Ezra Bell: The best indie folk band you’ve never heard of
The first time I heard Ezra Bell was completely by chance. I was going through my Spotify Discover Weekly playlist, a colorful mix of indie folk, chamber pop, math rock and experimental hip-hop when a song called “Dear Old Dad” came on. I was immediately struck by the beautiful melancholy tones of the song. The strings, piano, horn and vocals came together in an eerie and stunning way to create a unique sound that has stuck with me ever since.
“Dear Old Dad” is from Ezra Bell’s first EP, “Don’t All Look Up At Once.” The EP is only 16 minutes long but packed to the brim with great music. “Don’t All Look Up At Once” was the perfect length to put on for my morning walks to class last semester, and I would listen to it daily—if not more often—on occasion. In its six tracks, “Don’t All Look Up All At Once” paints a picture of loss and hardship while still making beautiful music. The EP is passionate, soulful and striking as well as one of my favorite albums over a year after I first heard it.
Since “Don’t All Look Up At Once,” the band has undergone a series of changes to its members and style, but at its core the sound and feel of the band is the same. Ezra Bell released a second EP, “we came by canoe,” in 2015 and a third, “Farewell Griffin,” in 2016 with the current iteration of the group. In addition to their three EPs, Ezra Bell is currently working on a full-length album which is planned for release early next year.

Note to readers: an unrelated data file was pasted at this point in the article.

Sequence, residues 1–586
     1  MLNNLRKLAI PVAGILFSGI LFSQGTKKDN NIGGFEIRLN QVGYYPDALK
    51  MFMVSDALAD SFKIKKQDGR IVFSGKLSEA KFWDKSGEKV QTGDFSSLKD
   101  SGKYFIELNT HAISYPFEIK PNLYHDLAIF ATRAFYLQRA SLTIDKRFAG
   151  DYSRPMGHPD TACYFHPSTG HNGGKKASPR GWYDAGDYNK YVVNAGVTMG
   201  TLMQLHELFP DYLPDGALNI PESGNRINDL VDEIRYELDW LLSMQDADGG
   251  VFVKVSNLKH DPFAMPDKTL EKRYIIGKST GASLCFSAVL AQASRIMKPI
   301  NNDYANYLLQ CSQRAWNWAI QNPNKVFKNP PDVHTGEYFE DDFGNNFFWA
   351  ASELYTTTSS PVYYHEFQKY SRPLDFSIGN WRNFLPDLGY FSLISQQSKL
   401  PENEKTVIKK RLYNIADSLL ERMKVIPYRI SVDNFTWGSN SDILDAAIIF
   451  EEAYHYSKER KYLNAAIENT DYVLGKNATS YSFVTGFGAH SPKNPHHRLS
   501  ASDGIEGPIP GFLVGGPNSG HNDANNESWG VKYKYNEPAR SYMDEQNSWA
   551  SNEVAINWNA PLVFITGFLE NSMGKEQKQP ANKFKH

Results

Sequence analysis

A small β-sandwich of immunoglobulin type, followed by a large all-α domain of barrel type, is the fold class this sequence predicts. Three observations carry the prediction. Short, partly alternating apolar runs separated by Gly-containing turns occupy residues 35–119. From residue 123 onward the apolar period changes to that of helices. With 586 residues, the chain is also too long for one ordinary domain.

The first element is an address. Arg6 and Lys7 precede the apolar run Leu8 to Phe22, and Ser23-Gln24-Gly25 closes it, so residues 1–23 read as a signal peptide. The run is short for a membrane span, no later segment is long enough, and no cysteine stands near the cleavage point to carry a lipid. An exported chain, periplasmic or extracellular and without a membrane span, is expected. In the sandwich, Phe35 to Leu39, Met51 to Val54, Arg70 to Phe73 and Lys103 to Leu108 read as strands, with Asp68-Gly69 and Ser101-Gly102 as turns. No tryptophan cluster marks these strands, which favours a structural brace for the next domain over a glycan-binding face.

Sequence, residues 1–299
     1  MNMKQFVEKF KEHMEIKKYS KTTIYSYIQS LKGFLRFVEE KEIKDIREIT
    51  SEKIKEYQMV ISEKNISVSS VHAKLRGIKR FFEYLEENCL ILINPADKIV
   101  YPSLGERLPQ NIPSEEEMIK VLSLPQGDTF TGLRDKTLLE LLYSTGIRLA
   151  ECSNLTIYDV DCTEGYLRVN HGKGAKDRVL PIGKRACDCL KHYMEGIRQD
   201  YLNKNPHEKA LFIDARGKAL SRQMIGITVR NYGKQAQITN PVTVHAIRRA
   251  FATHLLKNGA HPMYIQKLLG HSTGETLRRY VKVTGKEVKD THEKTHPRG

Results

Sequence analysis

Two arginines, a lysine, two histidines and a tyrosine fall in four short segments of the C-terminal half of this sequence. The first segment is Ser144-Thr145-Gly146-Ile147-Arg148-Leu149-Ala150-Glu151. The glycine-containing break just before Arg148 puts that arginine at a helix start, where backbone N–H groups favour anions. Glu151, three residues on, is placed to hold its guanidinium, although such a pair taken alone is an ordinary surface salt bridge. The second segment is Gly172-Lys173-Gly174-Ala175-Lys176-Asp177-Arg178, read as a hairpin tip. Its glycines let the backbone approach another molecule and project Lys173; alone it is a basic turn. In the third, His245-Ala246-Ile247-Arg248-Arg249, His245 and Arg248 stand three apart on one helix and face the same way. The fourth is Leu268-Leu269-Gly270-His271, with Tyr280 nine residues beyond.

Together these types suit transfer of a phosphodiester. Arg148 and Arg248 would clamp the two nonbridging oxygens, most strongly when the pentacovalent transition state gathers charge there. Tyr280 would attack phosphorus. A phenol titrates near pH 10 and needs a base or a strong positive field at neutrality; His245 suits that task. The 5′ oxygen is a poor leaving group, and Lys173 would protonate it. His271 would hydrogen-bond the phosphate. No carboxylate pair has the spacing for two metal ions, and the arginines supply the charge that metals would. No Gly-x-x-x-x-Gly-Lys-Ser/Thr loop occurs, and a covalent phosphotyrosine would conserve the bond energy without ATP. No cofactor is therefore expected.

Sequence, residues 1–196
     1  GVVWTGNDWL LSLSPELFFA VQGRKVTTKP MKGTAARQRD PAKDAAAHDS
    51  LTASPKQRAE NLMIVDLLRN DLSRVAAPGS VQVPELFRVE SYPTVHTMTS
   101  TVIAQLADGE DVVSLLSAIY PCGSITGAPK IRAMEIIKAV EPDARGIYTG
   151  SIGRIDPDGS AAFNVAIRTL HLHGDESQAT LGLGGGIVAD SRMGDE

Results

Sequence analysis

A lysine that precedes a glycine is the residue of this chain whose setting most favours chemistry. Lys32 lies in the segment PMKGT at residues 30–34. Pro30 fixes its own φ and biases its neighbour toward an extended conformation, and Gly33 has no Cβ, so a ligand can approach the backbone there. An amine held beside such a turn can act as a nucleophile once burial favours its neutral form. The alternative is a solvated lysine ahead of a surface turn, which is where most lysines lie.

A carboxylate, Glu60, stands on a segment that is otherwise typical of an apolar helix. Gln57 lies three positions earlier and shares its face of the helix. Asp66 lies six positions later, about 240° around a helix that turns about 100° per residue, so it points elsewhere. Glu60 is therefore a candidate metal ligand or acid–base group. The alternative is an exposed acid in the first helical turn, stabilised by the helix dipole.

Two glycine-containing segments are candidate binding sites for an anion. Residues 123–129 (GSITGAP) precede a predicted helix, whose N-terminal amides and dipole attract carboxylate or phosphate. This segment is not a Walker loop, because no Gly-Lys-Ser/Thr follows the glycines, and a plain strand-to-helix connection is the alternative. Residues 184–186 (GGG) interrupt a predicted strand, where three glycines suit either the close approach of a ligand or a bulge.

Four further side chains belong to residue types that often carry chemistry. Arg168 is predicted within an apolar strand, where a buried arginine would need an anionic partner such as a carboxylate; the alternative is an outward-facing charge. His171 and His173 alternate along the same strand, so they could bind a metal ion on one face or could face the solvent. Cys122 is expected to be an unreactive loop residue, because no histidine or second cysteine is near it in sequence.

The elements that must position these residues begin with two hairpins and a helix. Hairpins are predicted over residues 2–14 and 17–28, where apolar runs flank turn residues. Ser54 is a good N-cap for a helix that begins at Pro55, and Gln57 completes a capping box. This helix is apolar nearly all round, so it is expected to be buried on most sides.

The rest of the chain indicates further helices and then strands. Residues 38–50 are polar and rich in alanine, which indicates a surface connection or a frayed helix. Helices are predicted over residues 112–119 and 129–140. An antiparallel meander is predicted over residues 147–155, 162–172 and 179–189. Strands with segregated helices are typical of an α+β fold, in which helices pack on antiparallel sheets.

Benjamin Wuamett is one of the only constants between all of Ezra Bell’s many forms. Wuamett, the front man and vocalist of the band, has lent his unique voice to all of the group’s songs. Wuamett’s voice carries a slight twang and adds another special sound to Ezra Bell’s already unique music. Wuamett sings with an intense passion that complements the instrumentation of Ezra Bell’s songs perfectly.
“Farewell Griffin,” although different in many ways from the previous Ezra Bell projects, fits well into the style that the group has created for itself. The EP, like Ezra Bell’s previous works, has themes of sadness and loss while certain songs have more upbeat tones and create a facade of joy over the darker elements. That being said, Ezra Bell is not a depressing band, while some songs are quite dark, it is a beautiful darkness that weaves itself into the band’s music.
Ezra Bell, with its uncommon, beautiful sound, has established itself as one of my favorite indie-folk acts. The three EPs released by the band are all short enough to put on while casually walking or waiting for something, and their upcoming album should increase their selection of music. Ezra Bell is definitely a band to check out if you like or want to explore more indie-folk music.